Kenji Yamada Beppu Cave feature

BSIM (the BEPPU Subterranean Innards Museum), 2011, digital image, © Kenji Yamada

Talk

Wednesday 27 July 2016
6:00pm – 8:00pm

Artist Talk: The Future of Public Art

Lecture Theatre, Chelsea College of Arts, 16 John Islip Street London, SW1P 4JU (Nearest station: Pimlico)

Organised by the Daiwa Anglo-Japanese Foundation

This event will be held at the Chelsea College of Arts. [Directions]

In today’s ever-changing world, how exactly has our view of publicness, commons and common spaces evolved?

Artist Kenji Yamada and curator Jason Waite are interested in exploring the intricate details of spaces closed off from society and historical places that have evolved from cultural forces. In this talk, they will discuss possible approaches to publicness as well as potential futures in our socio-cultural world.

This talk is being held in the context of Kenji Yamada’s new exhibition Smurfed Remain, on show from 25 to 29 July 2016 at the Morgue Gallery, Chelsea College of Arts. Through an exploration of Yamada’s work and practice, they will discuss the future of our relationship with images and information in the post-Snowden era and the evolution of publicness in the field of social innovation.

Jason Waite, co-curator of the Don’t Follow the Wind exhibition held in the radioactive uninhabited exclusion zone of Fukushima, will also discuss how a project of deterritorialising communities and culture is effected at the intersection of contamination and capital.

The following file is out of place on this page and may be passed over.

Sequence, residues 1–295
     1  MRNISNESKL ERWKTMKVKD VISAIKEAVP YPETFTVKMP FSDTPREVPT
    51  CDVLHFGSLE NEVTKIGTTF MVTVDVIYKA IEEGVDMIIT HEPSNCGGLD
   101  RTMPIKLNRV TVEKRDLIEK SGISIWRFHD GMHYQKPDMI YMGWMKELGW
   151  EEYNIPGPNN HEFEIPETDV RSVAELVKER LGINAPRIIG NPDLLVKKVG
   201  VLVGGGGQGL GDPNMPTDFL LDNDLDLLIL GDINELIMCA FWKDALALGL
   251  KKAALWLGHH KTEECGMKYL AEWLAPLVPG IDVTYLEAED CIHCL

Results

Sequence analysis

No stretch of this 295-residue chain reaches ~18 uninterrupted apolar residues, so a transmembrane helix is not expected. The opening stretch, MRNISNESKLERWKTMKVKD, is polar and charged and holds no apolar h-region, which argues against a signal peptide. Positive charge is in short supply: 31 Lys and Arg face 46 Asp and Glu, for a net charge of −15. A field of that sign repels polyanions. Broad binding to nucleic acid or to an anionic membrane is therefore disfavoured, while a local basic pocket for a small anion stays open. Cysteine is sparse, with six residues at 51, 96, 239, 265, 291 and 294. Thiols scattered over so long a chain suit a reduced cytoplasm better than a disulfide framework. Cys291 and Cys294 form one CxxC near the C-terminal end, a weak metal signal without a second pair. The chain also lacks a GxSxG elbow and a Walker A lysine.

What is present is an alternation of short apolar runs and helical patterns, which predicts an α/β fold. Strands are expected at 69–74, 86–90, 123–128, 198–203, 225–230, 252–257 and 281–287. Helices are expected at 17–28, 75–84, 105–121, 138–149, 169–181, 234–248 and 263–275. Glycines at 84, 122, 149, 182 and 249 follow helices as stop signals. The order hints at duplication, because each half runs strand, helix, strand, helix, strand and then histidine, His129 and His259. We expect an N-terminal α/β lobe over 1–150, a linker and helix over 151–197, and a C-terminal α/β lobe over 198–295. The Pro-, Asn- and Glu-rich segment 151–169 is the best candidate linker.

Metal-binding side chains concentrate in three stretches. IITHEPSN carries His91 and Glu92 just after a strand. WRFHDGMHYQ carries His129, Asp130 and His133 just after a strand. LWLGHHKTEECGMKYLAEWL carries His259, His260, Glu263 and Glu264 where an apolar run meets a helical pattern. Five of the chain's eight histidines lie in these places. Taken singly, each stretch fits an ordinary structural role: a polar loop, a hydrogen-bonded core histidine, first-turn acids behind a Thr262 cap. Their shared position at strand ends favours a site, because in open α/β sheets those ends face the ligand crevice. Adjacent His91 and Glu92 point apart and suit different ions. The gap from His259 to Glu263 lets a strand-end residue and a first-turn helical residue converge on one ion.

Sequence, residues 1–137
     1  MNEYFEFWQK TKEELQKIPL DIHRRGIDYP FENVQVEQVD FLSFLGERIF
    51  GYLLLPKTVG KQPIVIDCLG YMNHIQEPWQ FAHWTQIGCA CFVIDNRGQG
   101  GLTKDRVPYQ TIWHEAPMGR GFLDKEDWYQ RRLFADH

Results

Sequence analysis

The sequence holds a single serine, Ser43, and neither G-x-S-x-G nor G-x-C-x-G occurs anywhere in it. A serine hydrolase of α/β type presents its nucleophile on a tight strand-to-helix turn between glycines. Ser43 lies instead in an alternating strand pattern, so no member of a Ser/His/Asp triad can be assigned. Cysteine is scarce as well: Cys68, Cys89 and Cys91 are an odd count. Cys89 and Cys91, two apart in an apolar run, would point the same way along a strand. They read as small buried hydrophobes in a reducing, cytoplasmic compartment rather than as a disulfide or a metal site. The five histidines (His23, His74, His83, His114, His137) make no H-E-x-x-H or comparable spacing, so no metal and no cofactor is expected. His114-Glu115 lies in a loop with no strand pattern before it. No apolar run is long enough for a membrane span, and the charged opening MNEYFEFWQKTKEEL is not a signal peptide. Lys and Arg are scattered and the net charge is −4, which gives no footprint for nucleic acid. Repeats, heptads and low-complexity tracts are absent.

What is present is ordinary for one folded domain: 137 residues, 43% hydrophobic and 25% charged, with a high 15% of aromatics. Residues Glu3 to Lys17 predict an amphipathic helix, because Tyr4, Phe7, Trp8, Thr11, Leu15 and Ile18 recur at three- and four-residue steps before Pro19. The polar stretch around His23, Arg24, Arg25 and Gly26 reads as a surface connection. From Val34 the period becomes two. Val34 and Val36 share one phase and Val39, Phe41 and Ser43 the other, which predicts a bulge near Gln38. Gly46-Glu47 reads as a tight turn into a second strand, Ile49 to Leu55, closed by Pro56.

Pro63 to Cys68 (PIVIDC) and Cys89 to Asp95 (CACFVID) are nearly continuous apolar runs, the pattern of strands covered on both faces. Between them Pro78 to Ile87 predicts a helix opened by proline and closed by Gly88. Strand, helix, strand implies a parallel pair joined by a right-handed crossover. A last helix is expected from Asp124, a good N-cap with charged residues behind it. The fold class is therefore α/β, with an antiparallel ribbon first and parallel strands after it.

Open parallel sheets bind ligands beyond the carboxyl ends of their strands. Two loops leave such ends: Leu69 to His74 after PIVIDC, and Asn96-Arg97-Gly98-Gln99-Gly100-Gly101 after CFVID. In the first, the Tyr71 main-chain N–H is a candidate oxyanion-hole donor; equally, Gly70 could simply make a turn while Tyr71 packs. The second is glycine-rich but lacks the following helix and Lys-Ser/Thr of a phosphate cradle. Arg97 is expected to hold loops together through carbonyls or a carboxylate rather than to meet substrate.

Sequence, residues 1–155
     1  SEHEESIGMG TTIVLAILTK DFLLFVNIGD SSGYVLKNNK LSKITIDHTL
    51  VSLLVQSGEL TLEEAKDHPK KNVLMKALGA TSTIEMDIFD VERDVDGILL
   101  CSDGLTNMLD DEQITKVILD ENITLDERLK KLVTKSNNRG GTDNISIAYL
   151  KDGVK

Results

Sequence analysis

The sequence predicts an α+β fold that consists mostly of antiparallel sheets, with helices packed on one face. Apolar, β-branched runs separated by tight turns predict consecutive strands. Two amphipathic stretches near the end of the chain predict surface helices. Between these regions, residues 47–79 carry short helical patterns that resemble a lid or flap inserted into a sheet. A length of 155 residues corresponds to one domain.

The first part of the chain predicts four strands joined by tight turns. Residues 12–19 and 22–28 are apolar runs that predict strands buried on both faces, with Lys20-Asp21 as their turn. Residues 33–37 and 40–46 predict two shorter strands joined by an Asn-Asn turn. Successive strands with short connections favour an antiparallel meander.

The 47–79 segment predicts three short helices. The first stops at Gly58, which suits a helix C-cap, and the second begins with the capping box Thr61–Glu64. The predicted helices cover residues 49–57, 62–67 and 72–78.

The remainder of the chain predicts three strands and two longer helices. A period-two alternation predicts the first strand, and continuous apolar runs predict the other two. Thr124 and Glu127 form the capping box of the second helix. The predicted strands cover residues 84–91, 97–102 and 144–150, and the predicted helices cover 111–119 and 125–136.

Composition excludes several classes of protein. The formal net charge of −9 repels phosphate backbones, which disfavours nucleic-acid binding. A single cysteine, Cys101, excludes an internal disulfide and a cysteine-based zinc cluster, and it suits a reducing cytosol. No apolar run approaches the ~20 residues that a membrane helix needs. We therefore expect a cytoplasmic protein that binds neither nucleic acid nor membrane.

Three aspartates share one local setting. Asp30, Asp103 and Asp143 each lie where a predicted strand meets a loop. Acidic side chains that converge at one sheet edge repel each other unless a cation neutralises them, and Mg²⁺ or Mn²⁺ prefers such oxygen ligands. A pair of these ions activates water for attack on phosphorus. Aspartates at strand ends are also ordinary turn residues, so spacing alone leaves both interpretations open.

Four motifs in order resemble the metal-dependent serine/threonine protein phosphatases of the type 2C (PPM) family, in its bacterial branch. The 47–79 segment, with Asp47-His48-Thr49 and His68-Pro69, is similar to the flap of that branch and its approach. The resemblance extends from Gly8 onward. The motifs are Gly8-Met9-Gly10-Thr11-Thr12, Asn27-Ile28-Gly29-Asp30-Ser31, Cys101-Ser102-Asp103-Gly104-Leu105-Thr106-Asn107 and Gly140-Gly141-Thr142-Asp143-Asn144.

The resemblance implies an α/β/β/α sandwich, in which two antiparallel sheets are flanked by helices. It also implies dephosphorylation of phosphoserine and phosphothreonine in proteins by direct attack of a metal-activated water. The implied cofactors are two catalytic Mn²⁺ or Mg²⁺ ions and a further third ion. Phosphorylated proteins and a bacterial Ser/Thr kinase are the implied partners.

Kenji Yamada’s Exhibition Smurfed Remain will be exhibited at the Morgue Gallery, Chelsea College of Arts, from 25 to 29 July 2016.

The Future of Public Art: Facebook Event Download event audio here

About the contributors

Kenji Yamada portrait photo

Kenji Yamada

Kenji Yamada is an artist who explores conflict between historical ruins and modern constructions. He is interested in paradoxes emerging from the application and misuse of remains and heritage sites, including war ruins. After the Tohoku Earthquake and Tsunami in March 2011, he has continued examining his approaches to the global world as a nomadic and social being, like environmental refugees in different parts of the world. His expressions evoke his audience’s fundamental sensibility to see through social environments and phenomena and at the same time awaken an accidental imagination in them. Yamada expands the critical points and limitations through numerous phases in order to highlight the grey area for innovative thoughts. Yamada currently holds posts at Tokyo University of Arts as an assistant professor and at Central Saint Martins as a distinguished associate lecturer. He currently lives and works in Tokyo and London.

Jason Waite portrait photo

Jason Waite

Jason Waite is an independent curator. He has co-curated Don’t Follow the Wind, an ongoing project inside the uninhabited Fukushima exclusion zone. His other recent exhibitions include The Real Thing? Palais de Tokyo, Paris,Maintenance Required, The Kitchen, New York, andWhite Paper: The Law by Adelita Husni-Bey Art, Design and Theory, Utrecht. He has previously worked at Cittadellarte-Fondazione Pistoletto, Biella and Casco – Office for Art, Design and Theory, Utrecht. He holds an M.A. in Art and Politics from Goldsmiths University and was a Helen Rubinstein Curatorial Fellow at the Whitney Museum Independent Study Program, New York from 2012 to 2013.

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